The main function of this meridian is to protect the heart, both physically and energetically.

It is believed a harmonized Pericardium Meridian aids with pain in the heart, prevents heart infections, and counteracts poor circulation. It may also protect the heart from negative energies which come from other organs.

Traditionally, it is also thought to be responsible for linking the feeling of love with the act of sex.

Shuni Mudra Benefits

  • Working on the fire element may help boost digestion and metabolism, and balance your appetite. 
  • This mudra aids in positive thinking and builds patience.
  • Paired with meditation, Shuni Mudra will help ease overthinking and calm your mind. 
  • Working on your Solar Plexus center will boost your sense of willpower and confidence. 


Avoid Shuni Mudra if you have an injury in the hands or wrists.

an annotated image of shuni mudra

How-To Perform Shuni Mudra

1. Sit in your favorite seated asana.

2. Put your hands on your thighs, palms facing up. Take a moment to relax.

3. Now press the tip of the middle finger and the tip of the thumb together. 

4. Keep other fingers soft and relaxed, you don’t need to extend them fully. 

Bonus Tip:

When practicing the mudra, try to not force the movement. Only press the thumb and middle finger until you feel a flow of energy, instead of creating too much tension.

When to use Shuni mudra


  • Any seated yoga pose which you enjoy for meditation is suitable for this mudra.
  • You can also practice it along with a guided meditation for the Pericardium meridian if you would like to connect to this energy center and your heart.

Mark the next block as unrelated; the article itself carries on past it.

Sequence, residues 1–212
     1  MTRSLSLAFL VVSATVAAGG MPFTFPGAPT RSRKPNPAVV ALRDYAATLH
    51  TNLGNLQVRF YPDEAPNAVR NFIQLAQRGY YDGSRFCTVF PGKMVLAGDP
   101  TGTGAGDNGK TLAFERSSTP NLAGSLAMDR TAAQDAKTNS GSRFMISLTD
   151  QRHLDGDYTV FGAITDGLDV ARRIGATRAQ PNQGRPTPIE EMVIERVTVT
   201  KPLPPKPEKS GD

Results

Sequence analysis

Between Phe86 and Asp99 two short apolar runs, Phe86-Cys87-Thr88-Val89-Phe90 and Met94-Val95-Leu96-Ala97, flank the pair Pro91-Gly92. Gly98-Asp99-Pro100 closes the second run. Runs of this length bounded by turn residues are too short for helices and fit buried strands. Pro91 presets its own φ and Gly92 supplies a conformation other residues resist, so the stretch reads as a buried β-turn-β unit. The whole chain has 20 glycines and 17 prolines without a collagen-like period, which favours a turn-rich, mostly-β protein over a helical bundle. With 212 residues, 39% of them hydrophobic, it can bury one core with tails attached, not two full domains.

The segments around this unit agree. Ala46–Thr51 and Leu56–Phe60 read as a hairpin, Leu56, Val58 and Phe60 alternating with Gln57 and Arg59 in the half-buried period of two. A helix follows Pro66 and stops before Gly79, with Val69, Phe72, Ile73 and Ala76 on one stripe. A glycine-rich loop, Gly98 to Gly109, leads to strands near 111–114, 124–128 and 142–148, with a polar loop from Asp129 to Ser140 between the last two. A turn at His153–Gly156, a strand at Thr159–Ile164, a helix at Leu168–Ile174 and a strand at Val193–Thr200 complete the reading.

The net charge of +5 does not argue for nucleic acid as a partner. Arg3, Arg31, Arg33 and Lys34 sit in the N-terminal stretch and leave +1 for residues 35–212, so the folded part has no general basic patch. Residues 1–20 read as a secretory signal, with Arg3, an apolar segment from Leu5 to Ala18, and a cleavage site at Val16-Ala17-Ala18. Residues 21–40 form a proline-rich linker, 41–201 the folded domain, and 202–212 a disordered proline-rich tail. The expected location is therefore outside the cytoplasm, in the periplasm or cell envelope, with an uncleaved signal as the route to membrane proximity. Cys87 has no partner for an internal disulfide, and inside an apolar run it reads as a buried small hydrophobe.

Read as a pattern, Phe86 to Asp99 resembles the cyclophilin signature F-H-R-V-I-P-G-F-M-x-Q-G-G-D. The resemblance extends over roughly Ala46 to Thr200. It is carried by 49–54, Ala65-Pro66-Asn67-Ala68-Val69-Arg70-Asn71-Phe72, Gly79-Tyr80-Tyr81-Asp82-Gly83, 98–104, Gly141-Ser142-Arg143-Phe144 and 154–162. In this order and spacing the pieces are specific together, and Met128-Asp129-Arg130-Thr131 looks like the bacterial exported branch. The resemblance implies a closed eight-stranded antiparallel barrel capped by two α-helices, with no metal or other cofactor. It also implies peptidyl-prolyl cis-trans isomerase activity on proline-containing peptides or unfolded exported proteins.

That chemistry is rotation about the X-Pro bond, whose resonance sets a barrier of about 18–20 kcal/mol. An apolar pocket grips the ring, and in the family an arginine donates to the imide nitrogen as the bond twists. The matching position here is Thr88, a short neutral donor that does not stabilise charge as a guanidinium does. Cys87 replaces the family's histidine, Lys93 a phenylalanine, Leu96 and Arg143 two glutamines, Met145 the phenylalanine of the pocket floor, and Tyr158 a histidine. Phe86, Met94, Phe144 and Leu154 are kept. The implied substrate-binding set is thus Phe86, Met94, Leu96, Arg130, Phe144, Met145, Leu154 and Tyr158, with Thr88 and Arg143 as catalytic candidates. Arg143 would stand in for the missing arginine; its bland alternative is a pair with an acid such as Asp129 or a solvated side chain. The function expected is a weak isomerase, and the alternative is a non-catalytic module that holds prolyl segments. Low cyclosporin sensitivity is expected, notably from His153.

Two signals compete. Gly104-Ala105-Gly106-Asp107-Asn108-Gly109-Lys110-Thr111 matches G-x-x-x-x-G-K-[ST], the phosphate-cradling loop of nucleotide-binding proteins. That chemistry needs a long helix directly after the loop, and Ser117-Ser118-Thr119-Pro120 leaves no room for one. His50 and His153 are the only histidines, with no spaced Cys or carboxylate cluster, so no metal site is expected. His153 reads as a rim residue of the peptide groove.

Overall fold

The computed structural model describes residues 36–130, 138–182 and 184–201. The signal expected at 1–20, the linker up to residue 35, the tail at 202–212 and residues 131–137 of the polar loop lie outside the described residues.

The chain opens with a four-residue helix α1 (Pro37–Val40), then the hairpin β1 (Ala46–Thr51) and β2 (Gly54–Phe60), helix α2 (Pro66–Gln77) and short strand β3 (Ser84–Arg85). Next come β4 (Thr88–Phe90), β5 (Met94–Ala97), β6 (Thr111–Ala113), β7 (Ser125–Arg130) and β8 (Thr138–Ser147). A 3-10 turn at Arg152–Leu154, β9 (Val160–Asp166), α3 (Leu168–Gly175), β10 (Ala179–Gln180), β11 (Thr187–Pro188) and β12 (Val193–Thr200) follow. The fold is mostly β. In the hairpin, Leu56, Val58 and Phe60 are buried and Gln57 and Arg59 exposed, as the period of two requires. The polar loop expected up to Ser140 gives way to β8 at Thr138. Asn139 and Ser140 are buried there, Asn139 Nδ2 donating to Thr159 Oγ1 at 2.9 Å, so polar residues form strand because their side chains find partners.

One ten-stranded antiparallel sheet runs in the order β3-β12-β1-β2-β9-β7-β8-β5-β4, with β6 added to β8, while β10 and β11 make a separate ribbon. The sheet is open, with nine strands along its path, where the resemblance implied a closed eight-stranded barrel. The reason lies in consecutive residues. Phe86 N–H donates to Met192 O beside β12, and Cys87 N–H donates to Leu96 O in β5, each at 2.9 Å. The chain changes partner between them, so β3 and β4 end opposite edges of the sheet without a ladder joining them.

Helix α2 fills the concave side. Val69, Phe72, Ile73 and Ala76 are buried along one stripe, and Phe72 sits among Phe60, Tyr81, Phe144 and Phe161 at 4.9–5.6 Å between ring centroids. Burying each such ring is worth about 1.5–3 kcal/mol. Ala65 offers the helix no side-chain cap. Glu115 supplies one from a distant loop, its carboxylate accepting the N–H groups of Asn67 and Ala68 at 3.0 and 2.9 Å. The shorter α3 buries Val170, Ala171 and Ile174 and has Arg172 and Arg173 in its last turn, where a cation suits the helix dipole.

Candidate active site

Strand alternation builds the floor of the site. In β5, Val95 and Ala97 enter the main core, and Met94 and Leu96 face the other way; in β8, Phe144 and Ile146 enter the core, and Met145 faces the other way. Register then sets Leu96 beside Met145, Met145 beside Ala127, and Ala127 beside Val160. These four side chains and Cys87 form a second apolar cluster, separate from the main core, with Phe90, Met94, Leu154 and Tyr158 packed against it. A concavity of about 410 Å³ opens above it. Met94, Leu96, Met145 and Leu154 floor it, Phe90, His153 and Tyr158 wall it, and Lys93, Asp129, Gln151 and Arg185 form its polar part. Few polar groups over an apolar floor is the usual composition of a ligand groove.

• If you want to focus on working on your Solar Plexus in this mudra, you can pair it with the Solar Plexus seed mantra which is “ram”.


  • If you would like to work more with the fire element, especially if you want to increase it with this mudra, try adding several rounds of Kappalabhati breath in your practice.

Where & When

  • Mudras are traditionally performed in the morning on an empty stomach, which may be suitable if you are performing them as a part of your daily practice. However, Shuni mudra is suitable for any time when you are feeling a lack of patience.
  • The best time to practice Shuni mudra is in the morning, on an empty stomach.
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For more in-depth asana resources, check out our free Mudra Library. Here you’ll find complete guides to each and every yoga mudra to deepen your yoga knowledge.

Each mudra page features high-quality photos and illustrations, insights into the meridian, chakra, and ayurvedic element systems, as well as tips on how, why, and when to practice each mudra.

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Sara lives in Croatia, near the sea, with her dog. She enjoys exploring nature, and making art. She is currently developing a series of children’s/YA stories and comics in her native language, which she feels complements her work and allows her to live her dream life – having yoga, writing, art, and nature in her every day.